Editors I Love #SelfPubIsHere

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One of the major factors influencing the rise of respectability in self-publishing has been thanks to professional editors turning freelance.* But how do you find a good one? How do you make sure you aren’t being charged by a charlatan who won’t really improve your book at all? Or worse, take your money and then never respond to you again (yes, this happened to me once). It’s hard, #SelfPubIsHere and we want to publish quality books, but without good editors we cannot do it. To help make your journey a little easier, I’m going to share 9 top quality editors with you. People who would have made this article sparkly and zingy if they had been hired to look at it, and will do just that for your books. [Note: My blog does not use an editor only my books do. Please read my about section to understand why. This blog entry is not a sample of any editor’s work.]

Cait Gordon is a writer and editor. The publishing industry was lucky enough to poach this editor from the world of technical writing where she had 20+ years experience copy editing and technical writing. Now she’s ours and we’re not giving her back, ever. She is not just thorough but kind. Find Cait here. And just in case I don’t say it enough, I love Cait.

Linda Funnell is one of Australia’s most loved editors. What she doesn’t know about Australian English doesn’t actually exist. Very professional and, I know this is a cliche that she’d suggest I cut, a pleasure to work with. Find Linda here. Linda also works alongside Jean Bedford at Newtown Review of Books, who I have found likewise amazing, but I can’t see if she offers professional editing services. You can find Jean here.

Nicola O’Shea came to me recommended by Anita Heiss. Anita Heiss. I’ll just let that sink in. I don’t need to say anything about my positive experiences working with Nicola because a God damn national treasure recommended her and if that isn’tgood enough then I don’t know what is. Find Nicola here.

Tania Chandler! What can I say, I love this woman. She’s an author, writing teacher, and editor. She tackles every job with professionalism and offers clean, professional service. Added bonus, she has a killer sense of humour. Find Tania here.

Georgina Ballentine is a person that embodies dedication. She is passionate about making sure your work is the best reflection of you that it can be. She’s not interested in changing your voice, she’s interested in making it sing. Find Georgina here.

Dionne Lister is a successful author, editor, and leading champion of #SelfPubIsHere. But most importantly, she loves grammar. She runs a Facebook group on grammar. She blogs about grammar. She dreams about grammar. Very thorough, very knowledgeable, very passionate. Find Dionne here.

Jessica Stewart is a gramazon, an Amazon of grammar. She’s here to deliver high kicks to wrong comma usage, chop excessive adverbs and unleash clean flowing sentences. Find Jessica here. Find Jessica’s Robinpedia entry here.

Hot Tree Editing is friendly, cost effective editing. They are thorough and experienced. Their services offer multiple sets of eyes to ensure nothing gets missed. Find Hot Tree here.

Chryse Wymer was the first professional editor I ever worked with and came to me recommended by Dionne Lister. She is an absolute grammar nerd and if she ever reads this blog entry would probably have to begin breathing into a brown paper bag in order to cope with the errors. She’s going to make sure you don’t use the same word to start every paragraph and she’s happy to look up archaic words just to make sure they’re being used correctly. And she has had an extensive education in Australian terms such as root, died in the arse, take the piss, thanks to yours truly. Find Chryse here.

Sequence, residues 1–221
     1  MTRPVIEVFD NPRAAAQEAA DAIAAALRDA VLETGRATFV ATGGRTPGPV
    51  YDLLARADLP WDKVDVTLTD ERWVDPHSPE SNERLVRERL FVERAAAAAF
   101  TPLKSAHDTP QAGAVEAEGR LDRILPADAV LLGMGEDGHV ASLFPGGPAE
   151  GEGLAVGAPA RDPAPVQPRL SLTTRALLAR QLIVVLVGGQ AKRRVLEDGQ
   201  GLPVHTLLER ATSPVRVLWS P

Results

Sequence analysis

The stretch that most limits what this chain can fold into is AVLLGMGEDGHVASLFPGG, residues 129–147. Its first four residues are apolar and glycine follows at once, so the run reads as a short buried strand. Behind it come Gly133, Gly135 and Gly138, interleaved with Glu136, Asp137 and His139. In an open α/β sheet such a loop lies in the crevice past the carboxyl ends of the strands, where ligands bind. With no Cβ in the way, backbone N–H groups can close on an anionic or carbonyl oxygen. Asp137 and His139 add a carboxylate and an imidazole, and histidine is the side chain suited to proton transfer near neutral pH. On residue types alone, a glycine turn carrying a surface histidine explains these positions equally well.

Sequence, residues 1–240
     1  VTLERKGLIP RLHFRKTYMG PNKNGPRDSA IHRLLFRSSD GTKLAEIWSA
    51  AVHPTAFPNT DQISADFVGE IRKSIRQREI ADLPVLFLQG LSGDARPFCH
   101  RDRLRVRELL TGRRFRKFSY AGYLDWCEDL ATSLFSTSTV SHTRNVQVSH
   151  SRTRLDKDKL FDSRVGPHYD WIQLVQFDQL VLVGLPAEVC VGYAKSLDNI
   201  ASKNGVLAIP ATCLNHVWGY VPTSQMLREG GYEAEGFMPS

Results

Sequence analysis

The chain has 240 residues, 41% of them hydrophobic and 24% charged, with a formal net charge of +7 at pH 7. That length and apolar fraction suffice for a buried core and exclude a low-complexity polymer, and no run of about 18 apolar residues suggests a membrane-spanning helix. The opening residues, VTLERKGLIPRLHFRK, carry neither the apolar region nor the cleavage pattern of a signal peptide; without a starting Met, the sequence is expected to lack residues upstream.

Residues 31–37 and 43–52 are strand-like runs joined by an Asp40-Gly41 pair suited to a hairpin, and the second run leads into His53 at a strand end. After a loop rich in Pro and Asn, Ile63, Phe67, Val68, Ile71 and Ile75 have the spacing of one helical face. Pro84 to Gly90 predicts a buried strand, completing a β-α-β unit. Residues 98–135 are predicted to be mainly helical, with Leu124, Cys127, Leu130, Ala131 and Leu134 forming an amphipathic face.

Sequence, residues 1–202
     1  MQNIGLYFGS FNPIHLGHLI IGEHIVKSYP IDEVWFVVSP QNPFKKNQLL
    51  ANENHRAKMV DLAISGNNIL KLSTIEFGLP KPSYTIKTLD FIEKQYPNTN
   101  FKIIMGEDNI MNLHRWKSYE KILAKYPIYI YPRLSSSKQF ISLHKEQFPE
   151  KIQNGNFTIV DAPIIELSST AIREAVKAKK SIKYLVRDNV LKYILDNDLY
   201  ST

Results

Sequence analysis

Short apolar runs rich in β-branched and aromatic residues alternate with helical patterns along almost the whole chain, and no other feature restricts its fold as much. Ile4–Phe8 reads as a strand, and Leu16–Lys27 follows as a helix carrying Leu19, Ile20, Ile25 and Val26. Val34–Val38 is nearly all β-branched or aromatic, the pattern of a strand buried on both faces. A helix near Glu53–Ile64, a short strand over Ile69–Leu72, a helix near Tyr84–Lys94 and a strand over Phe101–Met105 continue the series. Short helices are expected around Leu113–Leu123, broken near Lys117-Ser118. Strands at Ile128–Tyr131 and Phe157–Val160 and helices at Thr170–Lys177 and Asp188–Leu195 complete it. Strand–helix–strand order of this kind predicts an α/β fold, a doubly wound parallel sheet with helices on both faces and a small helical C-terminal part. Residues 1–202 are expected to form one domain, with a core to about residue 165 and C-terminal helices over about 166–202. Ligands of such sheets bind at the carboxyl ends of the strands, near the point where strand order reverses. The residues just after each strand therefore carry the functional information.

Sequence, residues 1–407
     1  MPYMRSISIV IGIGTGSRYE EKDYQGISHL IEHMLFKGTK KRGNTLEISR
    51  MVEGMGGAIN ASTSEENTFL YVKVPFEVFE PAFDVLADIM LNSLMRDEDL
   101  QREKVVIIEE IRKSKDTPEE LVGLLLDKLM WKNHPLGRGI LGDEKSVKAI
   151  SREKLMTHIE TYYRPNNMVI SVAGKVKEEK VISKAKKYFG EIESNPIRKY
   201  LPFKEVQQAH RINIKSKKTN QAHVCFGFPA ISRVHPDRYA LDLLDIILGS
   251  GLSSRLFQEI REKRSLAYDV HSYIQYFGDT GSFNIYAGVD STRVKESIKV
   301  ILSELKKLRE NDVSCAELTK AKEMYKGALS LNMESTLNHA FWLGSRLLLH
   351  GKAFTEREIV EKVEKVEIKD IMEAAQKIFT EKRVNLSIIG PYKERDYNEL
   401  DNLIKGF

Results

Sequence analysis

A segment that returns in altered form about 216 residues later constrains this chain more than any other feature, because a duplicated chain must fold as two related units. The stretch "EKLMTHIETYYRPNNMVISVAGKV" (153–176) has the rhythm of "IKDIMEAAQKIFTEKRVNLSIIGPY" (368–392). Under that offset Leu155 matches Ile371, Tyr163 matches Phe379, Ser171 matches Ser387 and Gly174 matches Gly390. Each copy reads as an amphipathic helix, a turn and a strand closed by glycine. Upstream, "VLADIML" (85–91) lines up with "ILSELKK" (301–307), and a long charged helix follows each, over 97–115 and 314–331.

So what are you waiting for? Go get out that manuscript you’ve had gathering dust and get it polished to publication.

See #SelfPubIsHere featured in Books+Publishing here.

Also in Australian Self-Publisher here and you can love them on FB here.

Find out more about #SelfPubIsHere here.

Read about my #SelfPubIsHere dreams here.

Read the article that kicked #SelfPubIsHere off here.

See more about #SelfPubIsHere here.

*Note: historically, many of the authors you love such as Beatrix Potter started out as self-published but later when e-publishing first picked up momentum there was a real push against it. Now with print on demand becoming more accessible the quality and respect is rising again.
Also, cough-cough, find my book at Booktopia or anywhere.

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Kate Murdoch: #Robinpedia

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Kate Murdoch is an Australian writer and award winning artist based in Melbourne. Yes, Melbourne. One of the official Cities of Literature. When she isn’t being an artistic genius, which to be fair takes up most of her time, she enjoys reading books such as Lillian’s Story by Kate Grenville and The Light Between Oceans by M.L. Stedman.

Her debut novel Stone Circle was released in December 2017 through Fireship Press. It is set during the Italian Renaissance and delves into the mystical world of seers. Kirkus Review stated that it sparkles!

Kate has had her short fiction widely published in Flash Fiction Magazine, Euonia Reviews, Sick Lit Magazine, Ink in Thirds, and Spelk Fiction. Her second novel, The Orange Grove, will be released into the wild in 2019 by Regal House Publishing. It is set in 18th Century France and explores moral ambiguity and the catastrophic ripple effect that can occur from small actions.

Facts you need to know about Kate Murdoch:

She has a love hate relationship with Scrivener

Her views on carob are firm but fair

She isn’t afraid to pose the big questions about Australian culture

And lastly, but probably most importantly, she effing loves Fridays

Find Kate Murdoch’s author website here.

Find Kate Murdoch’s artist website here.

Find Kate Murdoch’s blog here

Tweet with Kate here.

Face off with Kate here.

Pin with Kate here.

Find Kate Murdoch’s profile by Anita Rodgers here.

Find Kate Murdoch’s interview on Ink in Thirds here.

Find Kate Murdoch in the attic here.

Find Kate Murdoch’s book here or anywhere.

Read more about Robinpediahere.

Read about my experience of being a dyslexic writer here.

Read about my opinion on author branding here.

Buy my shit here.